Agencies

[Federal Register Volume 71, Number 37 (Friday, February 24, 2006)]
[Rules and Regulations]
[Pages 9439-9441]
From the Federal Register Online via the Government Printing Office [www.gpo.gov]
[FR Doc No: 06-1759]


-----------------------------------------------------------------------

DEPARTMENT OF TRANSPORTATION

Federal Aviation Administration

14 CFR Part 93

[Docket No. FAA-2001-8690]
RIN 2120-AI71


Delayed Implementation of the Airspace Modification Final Rule 
for the Grand Canyon National Park Special Flight Rule Area and Flight 
Free Zones

AGENCY: Federal Aviation Administration (FAA), DOT.

ACTION: Final rule.

-----------------------------------------------------------------------

SUMMARY: This action stays the effective date for the implementation of 
the Airspace Modification final rule for the east end of the Grand 
Canyon National Park (GCNP) until February 20, 2011. In a case decided 
in August 2002, the U.S. Court of Appeals for the District of Columbia 
Circuit returned the GCNP rules to the FAA for further consideration of 
ways to ensure the substantial restoration of natural quiet. After 
several attempts in resolving the routes issue in the east end, in 
February 2003, the FAA stayed the east end routes and airspace changes 
until February 20, 2006. Because of an ongoing mediation action, which 
involves consideration of the routes in the east end of the GCNP, the 
FAA finds it necessary to extend the date for the effectiveness of the 
Airspace Modification rule for the east end until February 20, 2011.

DATES: The effective date of sections (a) and (b) of 14 CFR 93.305, 
stayed until February 20, 2006 (68 FR 9496, February 27, 2003), is 
further stayed until February 20, 2011. This rule was originally 
published at 61 FR 69330 on December 31, 1996, and amended April 4, 
2000.

ADDRESSES: You can get an electronic copy using the Internet by:
    (1) Searching the Department of Transportation's electronic Docket 
Management System (DMS) Web page (http://dms.dot.gov/search);
    (2) Visiting the FAA's Regulations and Policies Web page at http://
www.faa.gov/regulations_policies; or
    (3) Accessing the Government Printing Office's Web page at http://
www.gpoaccess.gov/fr/index.html.
    You can also get a copy by sending a request to the Federal 
Aviation Administration, Office of Rulemaking, ARM-1, 800 Independence 
Avenue SW., Washington, DC 20591, or by calling (202) 267-9680. Make 
sure to identify the amendment number or docket number of this 
rulemaking.
    Anyone is able to search the electronic form of all comments 
received into any of our dockets by the name of the individual 
submitting the comment (or signing the comment, if submitted on behalf 
of an association, business, labor union, etc.). You may review DOT's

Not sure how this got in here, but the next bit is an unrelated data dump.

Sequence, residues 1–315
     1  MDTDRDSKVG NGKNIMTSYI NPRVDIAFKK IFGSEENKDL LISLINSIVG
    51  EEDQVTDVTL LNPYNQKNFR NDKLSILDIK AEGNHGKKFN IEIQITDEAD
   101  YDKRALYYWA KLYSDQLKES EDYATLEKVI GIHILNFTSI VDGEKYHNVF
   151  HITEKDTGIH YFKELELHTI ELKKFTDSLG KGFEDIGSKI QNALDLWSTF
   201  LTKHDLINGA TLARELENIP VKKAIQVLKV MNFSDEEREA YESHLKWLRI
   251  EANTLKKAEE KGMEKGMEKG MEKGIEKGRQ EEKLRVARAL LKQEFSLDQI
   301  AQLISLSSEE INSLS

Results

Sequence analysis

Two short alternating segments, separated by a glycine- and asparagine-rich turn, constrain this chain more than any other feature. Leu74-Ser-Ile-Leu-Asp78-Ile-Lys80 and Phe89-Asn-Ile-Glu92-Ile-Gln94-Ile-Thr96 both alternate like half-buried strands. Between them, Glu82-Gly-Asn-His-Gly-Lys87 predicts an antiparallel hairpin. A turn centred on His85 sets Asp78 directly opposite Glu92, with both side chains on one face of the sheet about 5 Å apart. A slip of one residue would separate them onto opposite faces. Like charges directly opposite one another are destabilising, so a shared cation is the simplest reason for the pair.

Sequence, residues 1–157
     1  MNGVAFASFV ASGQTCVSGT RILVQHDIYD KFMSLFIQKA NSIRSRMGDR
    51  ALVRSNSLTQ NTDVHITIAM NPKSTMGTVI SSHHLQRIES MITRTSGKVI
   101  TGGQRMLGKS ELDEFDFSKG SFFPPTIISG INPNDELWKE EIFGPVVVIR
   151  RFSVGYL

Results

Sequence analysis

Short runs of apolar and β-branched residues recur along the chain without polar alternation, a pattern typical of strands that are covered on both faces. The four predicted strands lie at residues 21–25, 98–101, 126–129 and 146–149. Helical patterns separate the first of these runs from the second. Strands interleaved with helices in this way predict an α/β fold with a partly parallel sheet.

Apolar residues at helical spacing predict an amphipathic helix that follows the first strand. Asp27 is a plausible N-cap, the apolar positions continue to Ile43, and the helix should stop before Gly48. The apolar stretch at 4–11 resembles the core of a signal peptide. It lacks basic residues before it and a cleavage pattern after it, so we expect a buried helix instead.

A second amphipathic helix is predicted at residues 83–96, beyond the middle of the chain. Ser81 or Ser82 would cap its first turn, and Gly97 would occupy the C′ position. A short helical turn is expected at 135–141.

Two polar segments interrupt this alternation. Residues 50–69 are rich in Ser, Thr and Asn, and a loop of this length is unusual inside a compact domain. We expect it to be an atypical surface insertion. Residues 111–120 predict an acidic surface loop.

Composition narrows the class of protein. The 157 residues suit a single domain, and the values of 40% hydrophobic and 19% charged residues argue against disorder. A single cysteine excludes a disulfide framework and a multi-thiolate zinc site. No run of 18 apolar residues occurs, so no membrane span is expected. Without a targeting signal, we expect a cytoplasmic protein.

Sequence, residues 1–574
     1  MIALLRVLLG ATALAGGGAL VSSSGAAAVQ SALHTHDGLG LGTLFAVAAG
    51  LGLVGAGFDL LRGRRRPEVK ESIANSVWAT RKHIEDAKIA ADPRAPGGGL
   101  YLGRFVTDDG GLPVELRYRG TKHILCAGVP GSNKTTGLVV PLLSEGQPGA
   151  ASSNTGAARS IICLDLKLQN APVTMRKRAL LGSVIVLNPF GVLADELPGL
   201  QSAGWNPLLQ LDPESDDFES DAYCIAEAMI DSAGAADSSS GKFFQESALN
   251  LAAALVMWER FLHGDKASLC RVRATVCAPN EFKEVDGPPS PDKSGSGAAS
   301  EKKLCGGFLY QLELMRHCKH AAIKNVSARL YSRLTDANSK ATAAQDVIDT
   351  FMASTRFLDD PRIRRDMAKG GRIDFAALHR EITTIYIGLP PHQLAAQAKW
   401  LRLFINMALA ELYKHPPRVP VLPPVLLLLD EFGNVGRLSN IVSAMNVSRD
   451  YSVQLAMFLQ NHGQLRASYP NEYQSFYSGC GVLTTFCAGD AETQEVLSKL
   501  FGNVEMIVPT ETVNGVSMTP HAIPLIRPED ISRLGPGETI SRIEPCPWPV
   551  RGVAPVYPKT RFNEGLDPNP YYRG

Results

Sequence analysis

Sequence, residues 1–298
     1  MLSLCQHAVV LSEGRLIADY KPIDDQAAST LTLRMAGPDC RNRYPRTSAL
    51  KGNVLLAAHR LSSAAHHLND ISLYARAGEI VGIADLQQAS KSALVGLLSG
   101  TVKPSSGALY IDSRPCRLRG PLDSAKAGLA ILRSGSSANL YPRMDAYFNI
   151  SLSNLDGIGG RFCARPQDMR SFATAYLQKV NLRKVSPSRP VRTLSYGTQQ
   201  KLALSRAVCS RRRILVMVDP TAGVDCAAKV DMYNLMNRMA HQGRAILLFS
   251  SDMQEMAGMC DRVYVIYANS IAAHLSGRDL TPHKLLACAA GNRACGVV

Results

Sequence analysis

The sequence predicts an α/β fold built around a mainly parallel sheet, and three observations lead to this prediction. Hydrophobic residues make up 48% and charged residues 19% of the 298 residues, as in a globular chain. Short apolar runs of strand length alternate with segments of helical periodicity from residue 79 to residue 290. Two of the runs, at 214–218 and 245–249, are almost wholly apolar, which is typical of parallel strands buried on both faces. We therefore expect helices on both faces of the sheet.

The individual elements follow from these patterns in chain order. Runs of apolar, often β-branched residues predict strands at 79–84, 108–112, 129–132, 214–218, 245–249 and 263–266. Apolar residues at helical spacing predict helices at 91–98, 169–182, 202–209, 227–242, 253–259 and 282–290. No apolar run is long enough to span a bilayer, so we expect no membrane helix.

complete Privacy Act statement in the Federal Register published on 
April 11, 2000 (Volume 65, Number 70; Pages 19477-78) or you may visit 
http://dms.dot.gov.

FOR FURTHER INFORMATION CONTACT: Gene Kirkendall, Flight Standards 
Service (AFS-200), Federal Aviation Administration, 800 Independence 
Ave., SW., Washington, DC 20591; Telephone: (202) 267-7701.

SUPPLEMENTARY INFORMATION:

Small Business Regulatory Enforcement Fairness Act

    The Small Business Regulatory Enforcement Fairness Act (SBREFA) of 
1996 requires the FAA to comply with small entity requests for 
information or advice about compliance with statutes and regulations 
within its jurisdiction. If you are a small entity and you have a 
question regarding this document, you may contact your local FAA 
official, or the person listed under FOR FURTHER INFORMATION CONTACT. 
You can find out more about SBREFA on the Internet at http://
www.faa.gov/avr/arm/sbrefa.cfm.

Background

    On April 4, 2000, the FAA published two final rules, the 
Modification of the Dimensions of the Grand Canyon National Park 
Special Flight Rules Area and Flight Free Zones (Airspace 
Modification), and the Commercial Air Tour Limitation in the Grand 
Canyon National Park Special Flight Rules Area (Commercial Air Tour 
Limitation). See 65 FR 17736 and 65 FR 17708; April 4, 2000. The FAA 
also published concurrently a notice of availability of Commercial 
Routes for the Grand Canyon National Park (Routes Notice). See 65 FR 
17698, April 4, 2000. The Commercial Air Tour Limitations final rule 
was implemented, effective May 4, 2000. The Airspace Modification final 
rule and the routes set forth in the Notice of Availability were 
scheduled to become effective December 1, 2000. The Final Supplemental 
Environmental Assessment for Special Flight Rules in the Vicinity of 
Grand Canyon National Park (SEA) was completed on February 22, 2000, 
and the Finding of No Significant Impact was issued on February 25, 
2000.
    Following the publication of the final rules, the United States Air 
Tour Association (USATA) and seven air tour operators petitioned the 
United States Court of Appeals for the District of Columbia Circuit to 
review the rules. See USATA v. FAA (Docket No. 00-1201, May 8, 2000). 
During the course of this litigation, the USATA raised new safety 
concerns regarding the new routes in the east end of the GCNP SFRA. To 
propose a route that would meet the goal of noise reduction while 
providing a safe air tour route, the FAA first delayed implementation 
of the routes until December 28, 2000 (November 20, 2000; 65 FR 69848). 
Subsequently, the FAA delayed the implementation of the routes until 
April 1, 2001. (66 FR 2001, January 4, 2001).
    Finally, the FAA decided to implement the modifications to the